Jumping backwards now, you may remember that we had marked the core for our shorter MOW specific wakesurf board. Our next step is to work on some rail material. We like adding high density rail material for a few reasons, which we’ve discussed before. The perimeter weigting, select ding resistance on the rails and we believe better rail set in the wake.
We have a piece of 5 pound density Divinycell H80 for this purpose and we cut the sections of rail material out and then glue them to the core to form the rails of this MOW specific wakesurf board. Our process is a little convoluted, in that we glue up one piece and then finish shaping the bottom and deck for attachment of the skins, before finally attaching the last few layers of rail material. Partly that is because we don’t have any templates for this project, being that it is the first time we’ve built it!
Here are the two pieces of rail material and the core ready for glue up.
We didn’t get any pictures of it, but we use a small 2″ paint brush to paint some epoxy on the inside of the rail material and then a very light coat on the outside of the rail facing on the core. You’ll remember from a prior post that we talked about epoxy having more elasticity that other appropriate resins and that is one of the reasons we use that for attaching the rail material.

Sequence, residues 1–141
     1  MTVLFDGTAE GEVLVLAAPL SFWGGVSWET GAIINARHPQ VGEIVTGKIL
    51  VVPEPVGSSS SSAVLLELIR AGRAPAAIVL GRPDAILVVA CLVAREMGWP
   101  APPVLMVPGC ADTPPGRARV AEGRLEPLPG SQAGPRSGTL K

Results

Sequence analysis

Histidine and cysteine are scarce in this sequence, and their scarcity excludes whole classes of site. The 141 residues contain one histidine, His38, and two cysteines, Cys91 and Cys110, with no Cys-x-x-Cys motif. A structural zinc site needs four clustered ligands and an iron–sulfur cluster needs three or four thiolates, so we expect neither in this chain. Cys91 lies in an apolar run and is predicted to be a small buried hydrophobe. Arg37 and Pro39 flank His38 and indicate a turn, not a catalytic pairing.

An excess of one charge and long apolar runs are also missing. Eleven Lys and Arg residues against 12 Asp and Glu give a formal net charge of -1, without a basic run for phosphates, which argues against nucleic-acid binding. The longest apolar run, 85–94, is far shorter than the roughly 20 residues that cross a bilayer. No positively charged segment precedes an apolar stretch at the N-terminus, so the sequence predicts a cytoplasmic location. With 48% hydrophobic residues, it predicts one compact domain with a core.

As you can see in the picture above, the single layer of rail material conforms to the curves of the core fairly readily and can be let in place during handle with blue painters tape. Also, it’s a little hard to see, but if you look close at the nose area of our rocker bed you can see the addition to affect the change to the wakesurf board nose rocker that we discussed earlier.
We repeat this process for the other rail and then slide the whole MOW specific wakesurf board project into the bag for clamping. The vacuum bag will push the rail material up against the core while the epoxy cures.
Thanks so much for following along, we appreciate it!